Sunday, October 31, 2010


Who would have thought that my first ever appearance on national television would be on ESPN of all channels, and during a football game nonetheless!?! I haven't even been to a PSU game, and I don't intend to.

But one thing does make sense: I love food and I love to eat. So, Yun and I went to lunch at one of our favorite date places, Herwigs, where they just happened to be filming a feature for the "Taste of the Town" segment and asked if we would participate.

You can find it here.

By the way, this also means that two big lesbians (on a lunch date) were on ESPN last night.

And here's the proof that I finished my plate!

Sunday, October 24, 2010

Figuring Out the Mainstream

I have been slowly putting more and more attention into developing my own youtube channel. I actually started one over a year ago, I just never did anything with it. But now I am feeling slightly more motivated, a little bit more brave, and increasingly more impatient with my lack of public participation in important issues. So, I launched a new one. I only have a test video up and the audio is out of sync, but I am now trying to figure out some of the ins and outs of how to utilize the public domain of youtube.

You can find the channel here.

As of 10.28, I have added a video for the "It Gets Better" Project.

Saturday, October 16, 2010

The problem of not-knowing, or knot-knowing

Life and experience are rich with opacities. Nietzsche and Dewey are some of my favorite guys who stated that simple explanations which claim to report on the reality of the world will always be falsifications. Nothing is ever clear, easy, and evident. There will always be mysteries, gaps, disconnects...Donna Haraway also referred to the idea of the world as a trickster-coyote, a subject-world with which we must converse in order to understand, but that has its own ability to deceive, to mislead, to play tricks. The world is not an object-thing that we can study thoroughly and know everything, or increasingly more about. The world and our experiences in it are elusive, partial, and decidedly unclear. Furthermore, following Nietzsche, why would we want to know truths? Why not errors? Why not deception? Why not falsity? Well, he's quick to say that we may not be able to handle it if we realized that the "truths" we hold on to so dearly are precisely that- errors.

As of late, I've been in a position of not-knowing. Not just failing to know everything, but really not knowing much at all. Not just partially understanding things, but seriously considering the possibility that I have completely misunderstood some very important things, that my perceptions have been delusional, that whatever I do "know" is misshapen, misinformed, and very, very confused. When it comes to knowing oneself, a standard reason for engaging in philosophy, an awareness to one's not-knowing is a bit treacherous. And when it comes to knowing others, not-knowing presents a very precarious place to find oneself. Especially if we are to trust others, depend on others, befriend others, and become their lovers.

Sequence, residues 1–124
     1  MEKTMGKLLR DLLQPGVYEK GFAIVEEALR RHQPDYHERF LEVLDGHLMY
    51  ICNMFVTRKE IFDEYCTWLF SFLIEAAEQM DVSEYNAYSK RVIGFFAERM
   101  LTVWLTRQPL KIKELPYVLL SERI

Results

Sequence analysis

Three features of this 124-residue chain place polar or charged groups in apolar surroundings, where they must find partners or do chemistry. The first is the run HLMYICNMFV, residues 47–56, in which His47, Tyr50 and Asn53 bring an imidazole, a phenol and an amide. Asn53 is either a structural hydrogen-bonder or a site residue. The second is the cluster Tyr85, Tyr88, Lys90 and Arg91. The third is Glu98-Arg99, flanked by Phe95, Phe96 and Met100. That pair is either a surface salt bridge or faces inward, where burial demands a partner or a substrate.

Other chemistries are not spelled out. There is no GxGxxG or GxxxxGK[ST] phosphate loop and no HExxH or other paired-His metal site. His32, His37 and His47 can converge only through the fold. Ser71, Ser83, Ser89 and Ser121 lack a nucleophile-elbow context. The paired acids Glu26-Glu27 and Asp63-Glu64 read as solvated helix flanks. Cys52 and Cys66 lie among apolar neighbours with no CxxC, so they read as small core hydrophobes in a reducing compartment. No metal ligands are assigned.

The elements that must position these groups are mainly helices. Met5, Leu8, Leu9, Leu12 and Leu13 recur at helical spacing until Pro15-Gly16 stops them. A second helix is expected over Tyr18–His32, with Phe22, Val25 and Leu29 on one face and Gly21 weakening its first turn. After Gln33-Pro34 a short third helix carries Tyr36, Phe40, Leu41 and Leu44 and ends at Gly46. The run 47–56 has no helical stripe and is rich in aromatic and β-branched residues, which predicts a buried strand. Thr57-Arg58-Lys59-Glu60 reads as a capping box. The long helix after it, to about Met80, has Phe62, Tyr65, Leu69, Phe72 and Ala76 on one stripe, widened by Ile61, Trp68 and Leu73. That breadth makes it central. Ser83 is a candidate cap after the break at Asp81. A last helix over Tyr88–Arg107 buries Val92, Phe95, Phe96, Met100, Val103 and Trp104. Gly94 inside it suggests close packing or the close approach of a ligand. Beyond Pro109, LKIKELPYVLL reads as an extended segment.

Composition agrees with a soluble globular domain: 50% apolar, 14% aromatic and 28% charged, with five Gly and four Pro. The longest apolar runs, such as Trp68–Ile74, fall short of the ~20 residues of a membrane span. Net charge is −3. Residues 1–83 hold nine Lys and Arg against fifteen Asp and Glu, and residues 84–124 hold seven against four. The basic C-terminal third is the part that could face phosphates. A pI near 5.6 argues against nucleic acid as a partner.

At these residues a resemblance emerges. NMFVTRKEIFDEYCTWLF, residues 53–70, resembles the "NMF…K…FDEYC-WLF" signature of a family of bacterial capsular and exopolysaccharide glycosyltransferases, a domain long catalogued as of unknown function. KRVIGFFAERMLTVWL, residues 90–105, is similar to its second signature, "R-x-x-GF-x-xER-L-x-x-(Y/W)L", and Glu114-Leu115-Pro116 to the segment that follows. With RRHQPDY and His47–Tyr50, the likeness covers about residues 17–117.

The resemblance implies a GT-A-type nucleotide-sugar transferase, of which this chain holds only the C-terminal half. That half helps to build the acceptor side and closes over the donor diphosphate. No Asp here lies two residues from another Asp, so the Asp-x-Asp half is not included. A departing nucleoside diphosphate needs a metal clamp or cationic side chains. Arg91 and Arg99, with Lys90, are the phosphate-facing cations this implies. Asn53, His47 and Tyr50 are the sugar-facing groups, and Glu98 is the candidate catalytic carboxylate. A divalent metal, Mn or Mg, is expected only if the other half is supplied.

What is one to do? Trust in what you thought you knew? Trust in what others tell you? Trust your "instincts," whatever says your gut?

The problem with all of this trusting and feeling, is that they are not pure and untainted either. I have a conflicted relationship with what the feelings deep down in our gut can tell us. (This is a project that I will be pursuing for many years of dissertation writing. Stay tuned.) Sometimes you get a "vibe" about a person and you are right, but other times, your "intuition" is completely off, even hurtful to others. So, I can't trust my gut. But my gut isn't clear anyway. The only thing my gut gives me is even more of a sense of tight, queasy, yucky, icky, nauseating not-knowing. It feels like a knot in my tummy that can't tell me anything but simply that I don't know. Hence, it's a knot-knowing. And it's not very helpful when I am trying to figure what to make of all this "life" and the experiences that I am having.